The First Intermediate Period marks the first decisive break in the religious history of ancient Egypt. The Coffin Texts - including of course the Book of Two Ways - grew out of the effort to come to terms with the crisis resulting from collapse of the Old Kingdom. All 22 copies of the Book of Two Ways derive from the necropolis EI Bersha; its rock tombs belonged to members of the ruling family and princely household of the nome of Hermopolis. Fourteen owners of the coffins can be identified by name. The Book of Two Ways dates from the first half of dynasty twelve, during which the nome's rulers reigned with relative autonomy. The main cult site in Hermopolis was the temple of Thot; like the pharaos, the princes of the nome designated themselves as sons of Thot.
The Book of Two Ways is preserved in two versions. lt is divided into eight sections, each with a topography of the beyond, these topographies varying from one another. The three preeminent gods of the Book of Two Ways are Re, Osiris, and Thot. The map section, the heart of the Book of Two Ways, has a clear dual structure based on two distinct ways, a blue way by water and a black way on land. These are separated by a red lake of flame, which corresponds to the cosmic myth of Hermopolis. The way by water embraces both the region of day and that of night (as against Lesko, who assumes that the map section contains a cosmological plan).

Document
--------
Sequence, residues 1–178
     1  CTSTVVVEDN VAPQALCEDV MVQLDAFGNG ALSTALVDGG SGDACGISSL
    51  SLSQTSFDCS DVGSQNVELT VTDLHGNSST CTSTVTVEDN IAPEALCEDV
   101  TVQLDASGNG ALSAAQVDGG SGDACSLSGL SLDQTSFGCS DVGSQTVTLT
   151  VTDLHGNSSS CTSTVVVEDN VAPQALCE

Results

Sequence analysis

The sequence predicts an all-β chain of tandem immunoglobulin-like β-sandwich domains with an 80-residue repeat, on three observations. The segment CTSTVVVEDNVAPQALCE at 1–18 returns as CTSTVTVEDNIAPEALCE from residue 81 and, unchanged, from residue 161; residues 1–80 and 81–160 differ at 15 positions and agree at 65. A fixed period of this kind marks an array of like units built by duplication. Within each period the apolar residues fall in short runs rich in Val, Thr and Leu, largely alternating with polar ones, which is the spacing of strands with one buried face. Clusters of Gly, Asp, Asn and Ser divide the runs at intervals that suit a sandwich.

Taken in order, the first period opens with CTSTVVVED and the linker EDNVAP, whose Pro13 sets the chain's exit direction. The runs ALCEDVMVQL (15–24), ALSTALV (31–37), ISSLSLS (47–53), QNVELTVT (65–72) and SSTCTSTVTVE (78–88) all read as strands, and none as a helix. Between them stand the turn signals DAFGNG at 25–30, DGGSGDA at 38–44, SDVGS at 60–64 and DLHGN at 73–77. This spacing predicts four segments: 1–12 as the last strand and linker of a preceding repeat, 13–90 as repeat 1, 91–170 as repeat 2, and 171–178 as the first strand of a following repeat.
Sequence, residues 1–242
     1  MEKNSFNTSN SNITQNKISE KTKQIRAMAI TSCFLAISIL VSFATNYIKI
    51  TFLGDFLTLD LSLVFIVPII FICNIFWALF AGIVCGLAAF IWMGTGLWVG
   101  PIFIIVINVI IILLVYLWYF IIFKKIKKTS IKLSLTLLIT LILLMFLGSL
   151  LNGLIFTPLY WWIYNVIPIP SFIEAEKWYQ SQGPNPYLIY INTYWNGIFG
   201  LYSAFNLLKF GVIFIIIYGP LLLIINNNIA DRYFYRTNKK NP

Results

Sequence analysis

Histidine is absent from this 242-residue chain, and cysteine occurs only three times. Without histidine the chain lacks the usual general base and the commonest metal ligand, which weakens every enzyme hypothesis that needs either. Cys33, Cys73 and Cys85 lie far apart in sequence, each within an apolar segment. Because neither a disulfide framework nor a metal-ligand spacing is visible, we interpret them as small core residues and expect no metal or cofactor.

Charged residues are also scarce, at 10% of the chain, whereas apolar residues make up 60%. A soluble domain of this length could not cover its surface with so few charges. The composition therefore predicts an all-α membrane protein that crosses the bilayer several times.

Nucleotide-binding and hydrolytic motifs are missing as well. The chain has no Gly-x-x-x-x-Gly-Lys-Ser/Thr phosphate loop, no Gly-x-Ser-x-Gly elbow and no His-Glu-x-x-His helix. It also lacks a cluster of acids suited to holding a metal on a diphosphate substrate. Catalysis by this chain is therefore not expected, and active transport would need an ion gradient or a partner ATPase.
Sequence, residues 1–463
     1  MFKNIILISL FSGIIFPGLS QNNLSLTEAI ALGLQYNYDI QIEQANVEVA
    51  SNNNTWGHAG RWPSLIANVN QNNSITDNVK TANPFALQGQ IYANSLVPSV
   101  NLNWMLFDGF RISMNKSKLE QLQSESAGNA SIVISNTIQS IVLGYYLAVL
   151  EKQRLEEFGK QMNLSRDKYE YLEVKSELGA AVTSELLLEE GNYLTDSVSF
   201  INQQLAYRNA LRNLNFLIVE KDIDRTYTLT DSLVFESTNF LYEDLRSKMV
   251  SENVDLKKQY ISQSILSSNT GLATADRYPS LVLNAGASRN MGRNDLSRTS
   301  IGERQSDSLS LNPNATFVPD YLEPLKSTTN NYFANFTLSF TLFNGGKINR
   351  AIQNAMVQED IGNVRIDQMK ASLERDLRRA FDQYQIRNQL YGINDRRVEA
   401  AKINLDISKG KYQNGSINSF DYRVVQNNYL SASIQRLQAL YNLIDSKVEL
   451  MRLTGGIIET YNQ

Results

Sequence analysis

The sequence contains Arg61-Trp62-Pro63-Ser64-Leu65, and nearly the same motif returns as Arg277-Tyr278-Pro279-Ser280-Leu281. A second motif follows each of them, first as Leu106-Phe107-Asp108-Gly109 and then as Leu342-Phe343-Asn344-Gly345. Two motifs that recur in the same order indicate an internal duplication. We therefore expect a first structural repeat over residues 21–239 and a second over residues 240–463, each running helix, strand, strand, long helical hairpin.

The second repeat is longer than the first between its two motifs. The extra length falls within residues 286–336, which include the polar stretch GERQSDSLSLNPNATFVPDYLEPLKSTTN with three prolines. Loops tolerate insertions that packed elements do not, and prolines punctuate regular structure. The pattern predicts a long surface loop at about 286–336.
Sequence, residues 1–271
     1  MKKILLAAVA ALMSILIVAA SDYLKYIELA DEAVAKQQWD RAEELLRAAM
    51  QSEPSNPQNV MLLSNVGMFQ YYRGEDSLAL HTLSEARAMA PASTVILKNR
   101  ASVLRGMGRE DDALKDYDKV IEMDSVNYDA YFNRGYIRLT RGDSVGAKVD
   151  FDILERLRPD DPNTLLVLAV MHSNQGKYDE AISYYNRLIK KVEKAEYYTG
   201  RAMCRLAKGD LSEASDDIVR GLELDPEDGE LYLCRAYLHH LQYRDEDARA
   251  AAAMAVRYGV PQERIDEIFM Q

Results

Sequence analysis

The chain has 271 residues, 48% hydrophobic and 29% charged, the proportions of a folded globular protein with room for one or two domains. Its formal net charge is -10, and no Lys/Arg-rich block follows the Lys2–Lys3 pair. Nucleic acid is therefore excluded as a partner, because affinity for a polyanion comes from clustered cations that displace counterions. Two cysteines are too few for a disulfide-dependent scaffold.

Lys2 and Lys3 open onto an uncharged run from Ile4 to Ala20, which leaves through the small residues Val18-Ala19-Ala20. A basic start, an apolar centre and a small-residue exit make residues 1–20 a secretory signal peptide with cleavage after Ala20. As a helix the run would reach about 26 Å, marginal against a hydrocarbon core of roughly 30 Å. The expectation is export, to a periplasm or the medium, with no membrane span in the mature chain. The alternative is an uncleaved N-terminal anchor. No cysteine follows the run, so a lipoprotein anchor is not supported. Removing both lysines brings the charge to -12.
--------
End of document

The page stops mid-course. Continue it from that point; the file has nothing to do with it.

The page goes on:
Starting on the land route, the deceased is towed on the lake of flames in the bark of the sun. In this lake of flames occurs the regeneration of the sun god as well as that of the deceased. Indeed, if the Book of Two Ways holds out a goal, this is to be sought in the lake of flames.
The final section (IX) closes with the famous dictum 1130 containing the speech of the All-Lord. In this the sun god gives an answer to thereproach to God , that is to say, here are the beginnings of a solution to the religious crisis of the First Intermediate Period. One of the things the text yields is a different conception of the afterlife: the deceased will be like Re in the East of the heavens and like Osiris within the underworld. Of course this Statement is not to be taken as evidence of any 11 democratization in the other world but rather as an enlargement of the concept integrating the new members of the power hierarchies of the nome principalities.
Composed as it is of a text with illustrations, the Book of Two Ways represents the oldest attempt in ancient Egypt to conceive of the beyond in a topographical fashion. Its cartographic structure holds spellbound the dangers of an unknown world. This new conception draws on the cult topography of Hermopolis. The Book of Two Ways was propably written by priests in the temple library of the temple of Thot in Hermopolis.
Through its innovative composition as an illustrated text and by virtue of its well developed topography of the afterlife, it provides a link between the Pyramid Texts of the Old Kingdom and the underworld books and the Book of the Dead of the New Kingdom. The Book of Two W ays altered permanently the tradition of conceptions of the afterlife in ancient Egyptian culture.